1. Changes in Precipitation: Climate change also affects precipitation patterns, leading to more frequent and intense rainfall events and/or prolonged droughts in different regions. Both scenarios pose significant challenges for small ponds. Heavy rainfall can cause runoff and erosion, carrying pollutants and excess nutrients from surrounding areas into ponds. These large slugs of water can lead to harmful algal blooms and oxygen depletion. Conversely, extended droughts can cause ponds to shrink and water levels to drop precipitously. Long stretches of sunny weather is, however, very good for my farmer’s tan… For landscape ponds, this can lead to displacing organisms that rely on these habitats for breeding, feeding, and survival. For species that can’t move to another pond (i.e. fish), this concentrates them in an ever shrinking habitat that positively benefits no one. For watergardens and koi ponds, it forces us to artificially maintain water levels.  This relates directly to temperature fluctuation as a smaller water volume heats up faster than when the pond is “full”.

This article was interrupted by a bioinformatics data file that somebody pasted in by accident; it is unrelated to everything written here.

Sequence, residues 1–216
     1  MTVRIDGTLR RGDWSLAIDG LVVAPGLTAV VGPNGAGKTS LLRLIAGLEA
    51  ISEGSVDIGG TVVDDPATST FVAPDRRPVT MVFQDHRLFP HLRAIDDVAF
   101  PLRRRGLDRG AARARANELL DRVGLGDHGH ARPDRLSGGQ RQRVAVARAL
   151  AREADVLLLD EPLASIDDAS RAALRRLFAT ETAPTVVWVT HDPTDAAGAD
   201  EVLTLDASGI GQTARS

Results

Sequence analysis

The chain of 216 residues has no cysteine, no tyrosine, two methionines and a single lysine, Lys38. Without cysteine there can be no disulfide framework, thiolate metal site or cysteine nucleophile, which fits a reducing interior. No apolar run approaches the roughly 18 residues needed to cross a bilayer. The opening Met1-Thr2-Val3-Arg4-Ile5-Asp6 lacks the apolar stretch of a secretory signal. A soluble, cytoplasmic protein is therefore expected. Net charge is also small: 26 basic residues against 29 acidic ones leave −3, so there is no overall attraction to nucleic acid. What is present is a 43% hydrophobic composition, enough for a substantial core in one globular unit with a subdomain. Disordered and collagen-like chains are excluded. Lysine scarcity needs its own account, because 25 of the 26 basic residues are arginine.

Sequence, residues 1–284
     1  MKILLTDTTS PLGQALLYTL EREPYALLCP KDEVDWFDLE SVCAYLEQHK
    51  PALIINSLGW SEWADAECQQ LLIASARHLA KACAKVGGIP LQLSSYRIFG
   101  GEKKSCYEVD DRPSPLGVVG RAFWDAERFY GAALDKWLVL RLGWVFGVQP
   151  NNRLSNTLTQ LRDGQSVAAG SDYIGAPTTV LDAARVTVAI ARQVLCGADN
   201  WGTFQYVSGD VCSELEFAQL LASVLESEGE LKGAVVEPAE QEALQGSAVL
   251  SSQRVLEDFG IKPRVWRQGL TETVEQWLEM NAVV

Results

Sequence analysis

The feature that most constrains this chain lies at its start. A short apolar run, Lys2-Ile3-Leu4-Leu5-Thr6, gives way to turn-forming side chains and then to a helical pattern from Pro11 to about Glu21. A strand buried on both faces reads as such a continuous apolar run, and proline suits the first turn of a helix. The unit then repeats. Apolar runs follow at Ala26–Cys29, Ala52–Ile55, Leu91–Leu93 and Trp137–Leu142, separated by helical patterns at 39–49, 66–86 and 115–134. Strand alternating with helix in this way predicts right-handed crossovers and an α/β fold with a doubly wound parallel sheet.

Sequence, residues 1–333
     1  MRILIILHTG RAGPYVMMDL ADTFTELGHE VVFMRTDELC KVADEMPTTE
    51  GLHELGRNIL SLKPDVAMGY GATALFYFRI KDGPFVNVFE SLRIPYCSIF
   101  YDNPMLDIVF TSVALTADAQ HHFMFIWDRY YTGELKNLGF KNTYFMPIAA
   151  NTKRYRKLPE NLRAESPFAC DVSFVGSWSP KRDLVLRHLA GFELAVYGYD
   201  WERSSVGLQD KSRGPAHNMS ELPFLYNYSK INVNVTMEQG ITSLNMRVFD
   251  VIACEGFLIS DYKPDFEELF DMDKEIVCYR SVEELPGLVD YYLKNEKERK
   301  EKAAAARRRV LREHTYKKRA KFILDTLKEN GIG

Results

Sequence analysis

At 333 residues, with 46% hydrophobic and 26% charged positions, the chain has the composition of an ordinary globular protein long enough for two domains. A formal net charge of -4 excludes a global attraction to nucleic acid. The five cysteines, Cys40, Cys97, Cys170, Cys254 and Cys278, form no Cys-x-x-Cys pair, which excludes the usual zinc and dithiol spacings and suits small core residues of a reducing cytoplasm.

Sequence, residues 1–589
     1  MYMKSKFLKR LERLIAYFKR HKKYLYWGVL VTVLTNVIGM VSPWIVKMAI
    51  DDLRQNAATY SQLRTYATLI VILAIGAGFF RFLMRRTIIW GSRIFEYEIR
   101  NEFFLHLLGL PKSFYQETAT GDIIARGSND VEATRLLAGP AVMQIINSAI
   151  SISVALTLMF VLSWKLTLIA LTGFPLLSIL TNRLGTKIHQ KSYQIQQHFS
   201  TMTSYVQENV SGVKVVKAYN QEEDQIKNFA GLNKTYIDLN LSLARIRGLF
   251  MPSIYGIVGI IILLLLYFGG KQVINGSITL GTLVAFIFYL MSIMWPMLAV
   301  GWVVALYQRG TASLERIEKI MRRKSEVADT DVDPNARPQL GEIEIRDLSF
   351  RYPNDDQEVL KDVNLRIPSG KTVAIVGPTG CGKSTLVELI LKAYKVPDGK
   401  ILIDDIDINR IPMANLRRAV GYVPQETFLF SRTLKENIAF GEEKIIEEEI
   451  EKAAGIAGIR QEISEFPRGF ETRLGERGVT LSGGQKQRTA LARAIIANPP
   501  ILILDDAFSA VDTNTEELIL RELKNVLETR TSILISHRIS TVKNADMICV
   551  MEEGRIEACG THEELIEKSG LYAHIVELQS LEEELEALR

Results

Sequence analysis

1. Altered Hydrological Cycles: Landscape ponds are interconnected with surrounding groundwater systems, and climate change disrupts these hydrological cycles. Rising temperatures and changes in precipitation patterns can affect the balance of water inputs and outputs in ponds. Reduced groundwater recharge during droughts can lower water levels in ponds, impacting the availability of essential resources for aquatic life. Additionally, increased evaporation rates due to higher temperatures can further exacerbate water scarcity, jeopardizing the existence of numerous species that depend on these water bodies. Reduced groundwater levels are a long-term consequence of a changing climate. It will not be just our ponds that lament the disappearing subterranean aquifers, all of us will shoulder this particular burden.